Hellraiser: Bloodline is presented in 1.85:1 non-anamorphic widescreen. Since this is a Dimension title, this movie is given no special treatment whatsoever. The fact that it's non-anamorphic is disappointing, though we should be on our knees and giving thanks that we even get a widescreen version of the film. The picture looks good, though many of the darker scenes looked soft or grainy. Colors were mostly bright and clear, though blacks tended to have a gray tint. Edge enhancement was spotted in a few areas, though nothing to detract from viewing enjoyment. A good to passable transfer from Dimension.
Audio is presented in Dolby Digital 5.1 and was fairly impressive. Rear speakers were often used, especially during the outer space sequences. Dialogue was clean and clear, music and effects mixed evenly. Also included are some English subtitles for the deaf and hard of hearing, for they too deserve to read such stunning dialogue as "ARRGGHH you're ripping my colon out through my butt!"
Just like many other Dimension titles, Hellraiser: Bloodline is void of any extra content, aside of some sneak peeks to the Scream trilogy box set, plus Children Of The Corn 666: Isaac's Return. So exciting that I've watched them both over eighty five times!
The Rebuttal Witnesses
What? For Pete's sake, it's a Hellraiser sequel. Come on, give a film a break. Yes, there is plenty wrong with it, but today I feel like being Mr. Nice Reviewer. It's better than most horror sequels to '80s slasher films, so that counts for a heck of a lot. Of course, Dimension sucks for putting no good extra material on the disc (not even the original theatrical trailer!), and should be smacked around with a 4x4 and a tube of Vaseline for such monstrosities.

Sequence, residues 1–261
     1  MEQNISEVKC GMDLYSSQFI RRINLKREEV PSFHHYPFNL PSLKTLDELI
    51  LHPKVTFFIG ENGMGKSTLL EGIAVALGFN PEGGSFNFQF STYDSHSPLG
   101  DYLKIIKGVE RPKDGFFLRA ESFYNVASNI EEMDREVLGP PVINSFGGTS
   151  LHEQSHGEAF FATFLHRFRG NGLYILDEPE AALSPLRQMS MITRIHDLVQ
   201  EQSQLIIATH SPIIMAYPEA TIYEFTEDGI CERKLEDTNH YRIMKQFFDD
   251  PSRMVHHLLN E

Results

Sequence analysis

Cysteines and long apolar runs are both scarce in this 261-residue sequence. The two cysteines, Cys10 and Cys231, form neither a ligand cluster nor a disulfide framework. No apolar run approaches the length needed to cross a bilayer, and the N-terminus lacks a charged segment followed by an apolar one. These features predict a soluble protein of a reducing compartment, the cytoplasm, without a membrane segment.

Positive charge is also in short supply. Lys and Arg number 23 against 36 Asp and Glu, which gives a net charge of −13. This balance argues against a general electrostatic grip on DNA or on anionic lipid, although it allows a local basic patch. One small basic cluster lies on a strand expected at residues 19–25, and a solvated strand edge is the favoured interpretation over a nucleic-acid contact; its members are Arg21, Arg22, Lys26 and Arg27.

By the way, author and Hellraiser series creator Clive Barker was an executive producer on this film, though I have the feeling his name was the only thing he really added to it.
This is a very pricey title (as most Dimension films are). It's over thirty bucks, so I can't advocate the spending of that kind of money for a film that has no extra material and isn't even anamorphic. Hellraiser: Bloodline certainly makes for a good rental, but unless you can find this in a used DVD bin someplace, don't plop down your hard earned cash for such a thin disc.
Hellraiser: Bloodline is acquitted on most charges, though it may be because I'm feeling extra lenient today. Dimension is found guilty of neglectful treatment of a movie that may not be great, but deserves a little better treatment than this.
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Scales of Justice
Studio: Dimension Films
• Sneak Peeks